October 8, 2002

Field Hockey Looks for Seventh Straight Win

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Tonight’s game marks the fourth annual October match-up against Syracuse (6-5) for the field hockey team (7-2), which is looking to extend its six-game winning streak, starting at 7 p.m. on Schoellkopf field.

The similarities are eerily familiar to those of past games. Just 363 days ago, the field hockey team played then No. 19 Syracuse in what was billed as a close match-up. In the 2000 season, Cornell came into the contest sporting a five-game win streak, and a 3-0 Ivy League record. The Red lost both match-ups, continuing a trend that started in 1984.

Last season’s competition was a step in the right direction. Cornell held the lead for most of the game as then sophomore attack, Carissa Mirasol scored twice. In the second half, Syracuse’s Kristin Aranowicz came back to score her second, and tying goal. The two teams went to overtime, where Aranowicz downed the Red by notching her third on the night.

That was then, this is now.

Aranowicz, who missed two games last month due to a finger injury, has been quiet offensively. She has totaled two goals and one assist for five points this year.

Mirasol, on the other hand, has played an active role in the Red offense by pushing the ball down the field, tallying one goal and five assists on the season. Her efforts from this weekend have assured her fourth place among Cornell’s all-time assist leaders.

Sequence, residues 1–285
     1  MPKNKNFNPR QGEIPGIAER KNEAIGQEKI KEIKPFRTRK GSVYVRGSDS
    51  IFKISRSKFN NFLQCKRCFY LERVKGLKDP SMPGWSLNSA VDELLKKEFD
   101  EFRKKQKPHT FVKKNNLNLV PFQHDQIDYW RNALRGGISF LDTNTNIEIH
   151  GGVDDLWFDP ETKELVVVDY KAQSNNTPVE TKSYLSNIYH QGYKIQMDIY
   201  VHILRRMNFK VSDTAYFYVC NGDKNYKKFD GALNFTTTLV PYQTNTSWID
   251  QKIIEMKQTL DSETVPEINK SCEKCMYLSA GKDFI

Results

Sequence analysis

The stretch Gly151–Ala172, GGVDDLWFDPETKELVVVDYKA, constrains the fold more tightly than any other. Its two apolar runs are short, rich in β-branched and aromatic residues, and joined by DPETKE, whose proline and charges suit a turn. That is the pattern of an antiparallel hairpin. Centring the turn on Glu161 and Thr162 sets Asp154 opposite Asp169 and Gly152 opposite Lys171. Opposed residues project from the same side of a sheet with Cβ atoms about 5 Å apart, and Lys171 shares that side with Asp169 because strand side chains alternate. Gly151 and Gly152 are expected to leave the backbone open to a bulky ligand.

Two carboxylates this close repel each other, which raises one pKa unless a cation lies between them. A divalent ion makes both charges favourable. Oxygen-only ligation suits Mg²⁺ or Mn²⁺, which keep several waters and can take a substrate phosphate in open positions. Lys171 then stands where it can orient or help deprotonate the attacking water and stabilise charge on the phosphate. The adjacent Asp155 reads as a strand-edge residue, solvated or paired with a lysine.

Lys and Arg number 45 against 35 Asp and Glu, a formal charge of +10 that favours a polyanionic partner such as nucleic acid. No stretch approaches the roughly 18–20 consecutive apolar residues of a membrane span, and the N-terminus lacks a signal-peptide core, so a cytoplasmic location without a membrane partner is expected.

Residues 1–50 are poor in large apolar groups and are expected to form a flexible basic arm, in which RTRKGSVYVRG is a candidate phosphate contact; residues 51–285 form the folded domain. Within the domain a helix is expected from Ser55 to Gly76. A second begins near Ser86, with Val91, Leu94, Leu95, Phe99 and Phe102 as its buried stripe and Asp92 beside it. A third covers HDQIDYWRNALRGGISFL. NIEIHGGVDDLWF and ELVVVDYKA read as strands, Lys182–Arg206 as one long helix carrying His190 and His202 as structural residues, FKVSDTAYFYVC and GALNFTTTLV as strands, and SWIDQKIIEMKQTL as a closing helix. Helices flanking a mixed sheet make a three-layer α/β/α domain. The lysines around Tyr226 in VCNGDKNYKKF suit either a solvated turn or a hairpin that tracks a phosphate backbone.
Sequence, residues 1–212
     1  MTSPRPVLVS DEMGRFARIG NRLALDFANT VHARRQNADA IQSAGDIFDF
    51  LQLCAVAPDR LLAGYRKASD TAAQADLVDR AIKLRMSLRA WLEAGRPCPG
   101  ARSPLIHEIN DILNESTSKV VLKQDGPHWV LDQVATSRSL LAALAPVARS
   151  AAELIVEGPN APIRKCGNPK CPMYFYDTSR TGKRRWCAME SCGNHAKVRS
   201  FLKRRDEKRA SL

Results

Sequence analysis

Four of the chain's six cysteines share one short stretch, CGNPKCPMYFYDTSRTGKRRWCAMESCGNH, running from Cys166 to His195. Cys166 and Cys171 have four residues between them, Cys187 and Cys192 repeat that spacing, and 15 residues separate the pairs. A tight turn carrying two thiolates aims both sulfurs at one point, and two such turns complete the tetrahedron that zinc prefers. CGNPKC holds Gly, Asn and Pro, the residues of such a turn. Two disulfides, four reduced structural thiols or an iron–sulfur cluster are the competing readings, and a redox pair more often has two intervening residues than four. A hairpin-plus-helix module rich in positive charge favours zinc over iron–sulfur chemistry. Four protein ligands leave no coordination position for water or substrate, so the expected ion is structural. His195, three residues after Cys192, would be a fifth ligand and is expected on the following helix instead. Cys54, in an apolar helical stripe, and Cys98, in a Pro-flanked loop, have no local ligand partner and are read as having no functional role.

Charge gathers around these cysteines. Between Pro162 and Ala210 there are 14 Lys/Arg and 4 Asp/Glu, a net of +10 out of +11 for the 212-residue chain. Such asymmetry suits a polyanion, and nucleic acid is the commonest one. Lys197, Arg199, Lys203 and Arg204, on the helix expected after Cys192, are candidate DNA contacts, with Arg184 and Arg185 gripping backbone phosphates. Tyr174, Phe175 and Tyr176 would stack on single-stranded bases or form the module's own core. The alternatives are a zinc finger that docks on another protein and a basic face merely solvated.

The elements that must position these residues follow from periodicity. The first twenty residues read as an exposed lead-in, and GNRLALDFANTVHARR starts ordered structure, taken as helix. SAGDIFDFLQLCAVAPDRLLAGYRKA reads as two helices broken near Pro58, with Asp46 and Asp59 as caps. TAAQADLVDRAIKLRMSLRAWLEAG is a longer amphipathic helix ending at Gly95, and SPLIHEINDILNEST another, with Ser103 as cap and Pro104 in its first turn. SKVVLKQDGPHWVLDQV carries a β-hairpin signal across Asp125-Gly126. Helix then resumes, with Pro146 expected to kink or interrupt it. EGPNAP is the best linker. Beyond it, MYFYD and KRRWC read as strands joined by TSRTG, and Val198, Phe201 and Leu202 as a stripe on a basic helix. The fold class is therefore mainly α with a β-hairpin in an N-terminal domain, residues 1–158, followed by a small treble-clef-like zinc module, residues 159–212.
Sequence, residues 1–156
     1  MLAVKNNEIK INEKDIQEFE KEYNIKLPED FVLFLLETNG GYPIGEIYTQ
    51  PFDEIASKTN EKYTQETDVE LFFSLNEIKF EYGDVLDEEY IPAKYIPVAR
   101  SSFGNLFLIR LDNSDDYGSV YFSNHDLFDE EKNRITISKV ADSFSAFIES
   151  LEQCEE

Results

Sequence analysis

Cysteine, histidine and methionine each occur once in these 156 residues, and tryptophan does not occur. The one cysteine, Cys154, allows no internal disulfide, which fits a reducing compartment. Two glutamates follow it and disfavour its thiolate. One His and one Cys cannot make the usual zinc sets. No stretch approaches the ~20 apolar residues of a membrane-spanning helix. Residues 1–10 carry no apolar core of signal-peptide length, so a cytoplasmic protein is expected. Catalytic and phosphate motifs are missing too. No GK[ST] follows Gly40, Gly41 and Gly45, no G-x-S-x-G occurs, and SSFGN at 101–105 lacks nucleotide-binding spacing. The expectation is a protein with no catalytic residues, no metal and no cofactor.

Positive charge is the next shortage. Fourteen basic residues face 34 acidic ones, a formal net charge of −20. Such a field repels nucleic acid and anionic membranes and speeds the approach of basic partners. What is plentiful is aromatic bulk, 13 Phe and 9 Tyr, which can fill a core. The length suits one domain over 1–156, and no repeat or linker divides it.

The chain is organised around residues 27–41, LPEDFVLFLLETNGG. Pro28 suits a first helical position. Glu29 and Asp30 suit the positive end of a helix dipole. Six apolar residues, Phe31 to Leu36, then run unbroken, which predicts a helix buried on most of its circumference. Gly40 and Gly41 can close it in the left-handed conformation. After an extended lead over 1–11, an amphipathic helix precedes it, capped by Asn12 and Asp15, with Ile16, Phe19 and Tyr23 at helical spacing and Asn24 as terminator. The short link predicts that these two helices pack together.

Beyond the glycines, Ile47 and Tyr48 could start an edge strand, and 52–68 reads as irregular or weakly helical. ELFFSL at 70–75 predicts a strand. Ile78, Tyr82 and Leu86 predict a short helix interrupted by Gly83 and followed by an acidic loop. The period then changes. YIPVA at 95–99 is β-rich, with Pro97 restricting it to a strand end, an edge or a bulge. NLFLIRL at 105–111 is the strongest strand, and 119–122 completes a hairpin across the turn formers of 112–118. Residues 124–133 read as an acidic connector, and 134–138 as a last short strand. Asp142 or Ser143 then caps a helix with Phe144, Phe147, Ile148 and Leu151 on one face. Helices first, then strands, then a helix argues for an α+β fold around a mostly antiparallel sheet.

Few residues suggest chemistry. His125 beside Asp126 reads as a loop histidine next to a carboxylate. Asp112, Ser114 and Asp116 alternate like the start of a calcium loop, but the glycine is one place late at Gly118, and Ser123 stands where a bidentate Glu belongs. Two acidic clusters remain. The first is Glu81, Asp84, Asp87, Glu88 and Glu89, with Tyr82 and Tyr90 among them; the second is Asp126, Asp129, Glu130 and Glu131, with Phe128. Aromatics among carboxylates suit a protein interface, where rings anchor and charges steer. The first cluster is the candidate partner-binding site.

The Red has been steadily improving elements of its play, highlighted by various defensive, offensive and transitional efforts throughout the season. The only thing that is suffering as of late is the team’s ability to convert penalty corners into points while on the road. Still, all the kinks appeared ironed out as the Red practiced on home turf yesterday afternoon.

As a whole, Cornell has been slightly more productive than Syracuse. The Red has produced 22 goals this season, and has collectively stopped 102 shots in nine games. Syracuse has played 11 games so far, from which it has walked away with 14 goals, and 104 stopped shots. While some may attribute this difference to Syracuse’s Big East foes, the Orangewomen have played just two conference games. Only one of those contests counted towards the team’s five losses.

Breaking the numbers down further, both teams seem even defensively. Junior goaltender Kaitlin Tierney is running a 1.27 goals against average, while Syracuse’s Audrey Latsko has a 1.33 GAA.

Both teams have great depth offensively, as many younger players have come up big in key moments throughout the season. Cornell attack Stephanie Maher, and Syracuse attack Lindsay Peirson have scored three goals apiece for their respective teams. Both are also sophomores.

One place where the teams seem unevenly matched is the momentum category. Cornell, riding a six-game winning-streak, is looking not only to extend it to seven, but also to crack into the national rankings.

“We have home field advantage, and that will work in our favor,” said head coach Michelle Tambroni. “Especially for our offensive corners.”

The team worked for over 45 minutes on corners yesterday. Players also spent a similar amount of time watching film.

Last time Cornell played a nationally ranked opponent was during September. Playing at home, the team held then No. 19 Kent State to a lone, late goal in the second half. Kent State has since moved onto the tenth poll position; while Cornell has gone on to win its last seven games.

When asked if her team was prepared for its second ranked opponent, Tambroni responded confidently.

“They are ready for the challenge – they want the challenge.”

Archived article by Matt Janiga